EU4A5      Half Unit
Public Opinion in Europe

This information is for the 2020/21 session.

Teacher responsible

Prof Christopher Anderson CBG 6.05


This course is available on the MSc in Culture and Conflict in a Global Europe, MSc in Culture and Conflict in a Global Europe (LSE & Sciences Po), MSc in European and International Public Policy, MSc in European and International Public Policy (LSE and Bocconi), MSc in European and International Public Policy (LSE and Sciences Po), MSc in International Migration and Public Policy, MSc in Political Economy of Europe, MSc in Political Economy of Europe (LSE and Sciences Po), MSc in Political Sociology and MSc in The Global Political Economy of China and Europe (LSE and Fudan). This course is available with permission as an outside option to students on other programmes where regulations permit.

Course content

This course provides a focused overview of the connection between citizen preferences and the political economy in European democracies. It will cover the contours and determinants of public preferences and how these shape and are shaped by political decision making, policy outputs and outcomes, and democratic institutions. Among others, it will examine public opinion about the quality and authority of political institutions and decision processes, as well as public policy preferences in areas such social and foreign policy. While the primary focus will be on European nations as well as the European Union, we will also compare public opinion across a wide variety of contemporary democracies.


This course is delivered through a combination of seminars and lectures totalling a minimum of 27.5 hours across Michaelmas Term.  This year, some or all of this teaching will be delivered through a combination of recorded lectures, flipped lectures (online discussion of lecture materials), and in-person and/or virtual seminars. This course includes a reading week in Week 6 of the Michaelmas Term.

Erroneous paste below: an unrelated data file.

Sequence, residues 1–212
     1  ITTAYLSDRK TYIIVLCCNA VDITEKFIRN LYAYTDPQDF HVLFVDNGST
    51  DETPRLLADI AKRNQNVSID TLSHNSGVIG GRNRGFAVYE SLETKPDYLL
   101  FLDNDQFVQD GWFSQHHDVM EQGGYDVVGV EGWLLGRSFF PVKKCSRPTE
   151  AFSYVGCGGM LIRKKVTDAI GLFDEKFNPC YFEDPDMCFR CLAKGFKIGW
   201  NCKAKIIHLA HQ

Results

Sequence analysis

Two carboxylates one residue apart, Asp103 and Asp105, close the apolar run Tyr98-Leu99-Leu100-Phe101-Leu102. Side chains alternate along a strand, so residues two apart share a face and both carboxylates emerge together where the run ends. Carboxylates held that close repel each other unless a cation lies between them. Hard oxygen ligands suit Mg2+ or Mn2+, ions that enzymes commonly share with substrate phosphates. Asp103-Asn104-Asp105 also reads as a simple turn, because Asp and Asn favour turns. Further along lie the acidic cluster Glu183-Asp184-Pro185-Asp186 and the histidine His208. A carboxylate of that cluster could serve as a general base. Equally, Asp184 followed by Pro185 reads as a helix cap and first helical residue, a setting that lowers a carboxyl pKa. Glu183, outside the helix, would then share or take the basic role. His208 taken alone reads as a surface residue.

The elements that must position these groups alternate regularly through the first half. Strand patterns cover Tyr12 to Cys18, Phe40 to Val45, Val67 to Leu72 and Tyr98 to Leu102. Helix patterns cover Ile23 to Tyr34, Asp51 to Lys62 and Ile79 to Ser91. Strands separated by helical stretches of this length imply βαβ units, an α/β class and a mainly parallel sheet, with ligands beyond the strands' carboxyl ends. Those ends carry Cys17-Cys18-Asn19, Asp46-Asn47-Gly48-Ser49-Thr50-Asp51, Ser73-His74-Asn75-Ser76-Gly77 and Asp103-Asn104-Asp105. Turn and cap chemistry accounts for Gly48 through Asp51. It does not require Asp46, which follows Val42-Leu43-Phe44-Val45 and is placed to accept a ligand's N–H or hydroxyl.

Formative coursework

Students will be expected to produce 1 presentation, 1 other piece of coursework and 1 other piece of coursework in the MT.

The formative coursework will take the form of a research design outline (500 words), a brief oral presentation, and a reaction paper (500 words).

Indicative reading

  • Alesina, Alberto, Rafael Di Tella, and Robert MacCulloch. 2004. “Inequality and Happiness: Are Europeans and Americans Different?” Journal of Public Economics 88 (9–10): 2009–2042.
  • Anderson, Christopher J. 2007. “The End of Economic Voting? Contingency Dilemmas and the Limits of Democratic Accountability.” Annual Review of Political Science 10: 271-96.
  • Anderson, Christopher J. 2009. “Nested Citizens: Macropolitics and Microbehavior in Comparative Politics.” In Comparative Politics: Rationality, Culture, and Structure, ed. Mark I. Lichbach and Alan S. Zuckerman. New York: Cambridge University Press.
  • Kumlin, Staffan. 2007. “The Welfare State: Values, Policy Preferences, and Performance Evaluations,” in Oxford Handbook of Political Behavior, ed. Russell J. Dalton and Hans-Dieter Klingemann. New York: Oxford University Press.
  • Svallfors, Stefan. 2006. The Moral Economy of Class: Class and Attitudes in Comparative Perspective. Palo Alto: Stanford University Press.


Essay (100%, 5000 words) in the period between MT and LT.

Important information in response to COVID-19

Please note that during 2020/21 academic year some variation to teaching and learning activities may be required to respond to changes in public health advice and/or to account for the situation of students in attendance on campus and those studying online during the early part of the academic year. For assessment, this may involve changes to mode of delivery and/or the format or weighting of assessments. Changes will only be made if required and students will be notified about any changes to teaching or assessment plans at the earliest opportunity.

Key facts

Department: European Institute

Total students 2019/20: Unavailable

Average class size 2019/20: Unavailable

Controlled access 2019/20: No

Value: Half Unit

Guidelines for interpreting course guide information

Personal development skills

  • Self-management
  • Team working
  • Problem solving
  • Application of information skills
  • Communication
  • Application of numeracy skills